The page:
Alternatively, or in addition to registering electronic devices, the smart-home environment may make inferences about which individuals live in the home and are therefore users and which electronic devices are associated with those individuals. As discussed above, the security system may be configured so that individuals remain anonymous, and that personal data is only transmitted to a remote system by selectively opting to do so. When the system is selectively configured, captured image data may be used and/or stored by the smart-home environment to learn which individuals are authorized to be in the home or building, and/or to open door or window (e.g., so as to create a security exception, based on their identity). As such, the smart-home environment may "learn" who is a user (e.g., an authorized user), and/or may permit the electronic devices associated with those individuals to control the network-connected smart devices of the smart-home environment (e.g., devices communicatively coupled to the network 70), in some embodiments including sensors used by or within the smart-home environment.

In the smart-home environment, various types of notices and other information may be provided to users via messages sent to one or more user electronic devices (e.g., electronic device 200, device 20, and the like). For example, the messages can be sent via email, short message service (SMS), multimedia messaging service (MMS), unstructured supplementary service data (USSD), as well as any other type of messaging services and/or communication protocols. As described above, the electronic device (e.g., electronic device 200 and/or device 20) may refrain from providing the notices and/or information when the door lock and/or associated devices are operating in the privacy mode.

A smart-home environment may include communication with devices outside of the smart-home environment but within a proximate geographical range of the home. For example, the smart-home environment may include an outdoor lighting system (not shown) that communicates information through the communication network 70 or directly to a central server or cloud-computing system (e.g., controller 73 and/or remote system 74) regarding detected movement and/or presence of people, animals, and any other objects and receives back commands for controlling the lighting accordingly.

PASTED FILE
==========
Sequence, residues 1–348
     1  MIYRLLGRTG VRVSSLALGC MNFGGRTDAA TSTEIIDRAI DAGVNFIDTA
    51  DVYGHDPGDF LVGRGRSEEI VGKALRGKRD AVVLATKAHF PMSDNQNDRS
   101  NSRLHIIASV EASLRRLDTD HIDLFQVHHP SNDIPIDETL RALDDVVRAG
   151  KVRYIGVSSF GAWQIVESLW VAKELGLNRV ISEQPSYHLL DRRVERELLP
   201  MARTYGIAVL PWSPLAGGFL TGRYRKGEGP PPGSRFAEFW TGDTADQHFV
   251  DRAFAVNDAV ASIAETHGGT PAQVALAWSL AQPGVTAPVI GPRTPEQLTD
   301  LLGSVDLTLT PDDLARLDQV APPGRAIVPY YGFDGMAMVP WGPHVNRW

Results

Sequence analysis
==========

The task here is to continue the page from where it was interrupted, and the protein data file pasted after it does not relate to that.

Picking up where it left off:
The sensor 71, 72, as shown in FIG. 5, may include hardware in addition to the specific physical sensor that obtains information about the environment. FIG. 6 shows an example sensor as disclosed herein. The sensors 71, 72 may include an environmental sensor 61, such as a temperature sensor, smoke sensor, carbon monoxide sensor, motion sensor, accelerometer, proximity sensor, camera sensor, passive infrared (PIR) sensor, magnetic field sensor, radio frequency (RF) sensor, light sensor, humidity sensor, pressure sensor, microphone, or any other suitable environmental sensor, that obtains a corresponding type of information about the environment in which the sensors 71, 72 is located. A processor 64 may receive and analyze data obtained by the sensor 61, control operation of other components of the sensor 71, 72, and process communication between the sensor and other devices. The processor 64 may execute instructions stored on a computer-readable memory 65. The memory 65 or another memory in the sensor 71, 72 may also store environmental data obtained by the sensor 61. A communication interface 63, such as a Wi-Fi or other wireless interface, Ethernet or other local network interface, or the like may allow for communication by the sensors 71, 72 with other devices. A user interface (UI) 62 may provide information and/or receive input from a user of the sensor. The UI 62 may include, for example, a speaker to output an audible alarm when an event is detected by the sensors 71, 72. Alternatively, or in addition, the UI 62 may include a light to be activated when an event is detected by the sensors 71, 72. The user interface may be relatively minimal, such as a liquid crystal display (LCD), light-emitting diode (LED) display, or limited-output display, or it may be a full-featured interface such as a touchscreen. Components within the sensors 71, 72 may transmit and receive information to and from one another via an internal bus or other mechanism as will be readily understood by one of skill in the art. One or more components may be implemented in a single physical arrangement, such as where multiple components are implemented on a single integrated circuit. Sensors as disclosed herein may include other components, and/or may not include all of the illustrative components shown.